Habitat biodiversity and human interference

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Edge effects are changes in biodiversity that occur within the space surrounding the common edge of two or more distinct ecosystems. This biodiversity-rich transition zone is known as the ecotone; examples are between woods and plains, forests and mountains, and land and water. Informally known as the border, the ecotone affects the plants and animals that live there in unique ways compared to connecting habitats.

In larger habitats, there is a smaller percentage of area affected by the edge. This allows flora and fauna to thrive in the ecosystems and along the edge. But in smaller habitats, edge conditions are more likely to threaten the stability of individual biomes, making it difficult, if not impossible, for many plants and animals to survive. Here we review some examples of positive and negative side effects.

Did you know?

Regardless of the size of the ecosystem, the size of the edge remains constant. Unlike some habitats that thrive on expansion, the edge does not become more robust with increasing size, and the effects can be devastating if it expands beyond what the surrounding habitats can support.

Positive side effects


An estuary where fresh water and salt water meet along a coastline.
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When two adjacent habitats have enough individual space to allow for a wide gradient edge, the ecotone is uniquely positioned to provide habitable conditions for certain plants and animals. Prosperous edges support the greatest variety of natural structures, ranging from small to large, and they often support populations of wildlife exceeding any bordering habitats.

Changes in the landscape, including geographic features, soil types, temperatures, and humidity levels, are called inherent edges.

What are inherent edges?

Inherent edges are natural changes that are generally considered wide; they provide sufficient space for species inside and outside the ecotone to thrive. If left untouched by humans, the inherent boundaries tend to remain stable in size and population over long periods of time.

Unlike the interiors of most ecosystems, edges receive more sunlight, experience less humidity, face more wind, and experience higher temperatures. These environmental differences allow for a more hospitable environment for very bright, drought-tolerant flora. Therefore, more insects, birds and other herbivorous animals can settle inside the ecotone.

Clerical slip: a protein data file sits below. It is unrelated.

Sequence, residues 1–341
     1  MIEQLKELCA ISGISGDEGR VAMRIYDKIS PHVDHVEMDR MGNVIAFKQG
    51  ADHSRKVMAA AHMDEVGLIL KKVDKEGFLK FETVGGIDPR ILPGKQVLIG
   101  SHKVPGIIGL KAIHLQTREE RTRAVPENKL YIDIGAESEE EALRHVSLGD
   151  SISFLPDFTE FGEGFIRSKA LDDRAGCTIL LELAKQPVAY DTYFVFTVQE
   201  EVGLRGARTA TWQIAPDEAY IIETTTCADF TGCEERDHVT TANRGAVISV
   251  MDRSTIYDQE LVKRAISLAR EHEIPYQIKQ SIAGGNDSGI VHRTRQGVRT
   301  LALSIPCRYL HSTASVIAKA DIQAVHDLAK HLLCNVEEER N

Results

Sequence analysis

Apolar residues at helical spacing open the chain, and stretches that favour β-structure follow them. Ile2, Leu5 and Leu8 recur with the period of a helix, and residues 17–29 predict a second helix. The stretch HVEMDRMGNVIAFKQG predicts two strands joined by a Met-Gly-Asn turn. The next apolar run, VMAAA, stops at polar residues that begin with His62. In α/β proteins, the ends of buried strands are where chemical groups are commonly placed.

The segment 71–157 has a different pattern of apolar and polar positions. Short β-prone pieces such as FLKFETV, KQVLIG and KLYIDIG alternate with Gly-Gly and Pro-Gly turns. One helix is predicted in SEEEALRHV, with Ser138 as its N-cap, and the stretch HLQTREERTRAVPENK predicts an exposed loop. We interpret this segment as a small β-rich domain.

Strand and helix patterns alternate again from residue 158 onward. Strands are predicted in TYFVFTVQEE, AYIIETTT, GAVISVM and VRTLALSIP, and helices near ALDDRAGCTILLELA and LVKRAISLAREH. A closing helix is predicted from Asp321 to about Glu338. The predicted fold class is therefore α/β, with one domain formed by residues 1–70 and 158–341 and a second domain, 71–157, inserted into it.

Some animals, including rabbits, deer, and elk, require multiple environments and depend on the edge as a foraging and nesting space. (Or, in the case of the dung beetle, waste removal). Humans, as animals living in the natural world, benefit from the edge effect because a large, healthy ecotone physically separates humans from predators.

Negative side effects

When people encroach on the natural world, ecological boundaries sharpen and the biodiversity of the ecotone decreases. Human-induced narrow edges can increase the risk of infectious diseases, degrade soil quality and reduce moisture levels.

What are induced edges?

Induced edges are human-caused disturbances to the natural environment resulting in abrupt changes in habitat boundaries. These edges do not remain stable even for short periods of time and are described as narrow, not because they take up less width, but because the transition between environments is so sudden.

Urbanization, timber harvesting, and food cropping all lead to induced borders. They can also have biological or climatic origins: floods, fires, winds, disease and insect infestations can all create curbs. Once these negative edge effects have set in, the climate along the edge can spread deeper into the environment, threatening habitat destruction for a number of species that can only survive in the original biomes.